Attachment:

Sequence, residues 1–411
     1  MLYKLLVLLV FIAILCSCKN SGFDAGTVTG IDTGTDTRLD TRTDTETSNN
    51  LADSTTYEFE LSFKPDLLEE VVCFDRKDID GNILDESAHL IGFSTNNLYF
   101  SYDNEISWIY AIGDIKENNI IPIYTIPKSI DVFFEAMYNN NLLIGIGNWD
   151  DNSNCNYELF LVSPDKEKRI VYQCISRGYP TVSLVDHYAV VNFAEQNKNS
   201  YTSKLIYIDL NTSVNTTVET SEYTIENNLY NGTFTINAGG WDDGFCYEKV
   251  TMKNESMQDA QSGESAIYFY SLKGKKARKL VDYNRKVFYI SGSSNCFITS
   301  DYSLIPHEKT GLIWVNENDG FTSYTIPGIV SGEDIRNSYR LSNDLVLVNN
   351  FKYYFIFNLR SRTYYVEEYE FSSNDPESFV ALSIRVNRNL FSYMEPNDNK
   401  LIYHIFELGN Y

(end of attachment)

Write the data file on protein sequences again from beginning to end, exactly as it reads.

Sequence, residues 1–411
     1  MLYKLLVLLV FIAILCSCKN SGFDAGTVTG IDTGTDTRLD TRTDTETSNN
    51  LADSTTYEFE LSFKPDLLEE VVCFDRKDID GNILDESAHL IGFSTNNLYF
   101  SYDNEISWIY AIGDIKENNI IPIYTIPKSI DVFFEAMYNN NLLIGIGNWD
   151  DNSNCNYELF LVSPDKEKRI VYQCISRGYP TVSLVDHYAV VNFAEQNKNS
   201  YTSKLIYIDL NTSVNTTVET SEYTIENNLY NGTFTINAGG WDDGFCYEKV
   251  TMKNESMQDA QSGESAIYFY SLKGKKARKL VDYNRKVFYI SGSSNCFITS
   301  DYSLIPHEKT GLIWVNENDG FTSYTIPGIV SGEDIRNSYR LSNDLVLVNN
   351  FKYYFIFNLR SRTYYVEEYE FSSNDPESFV ALSIRVNRNL FSYMEPNDNK
   401  LIYHIFELGN Y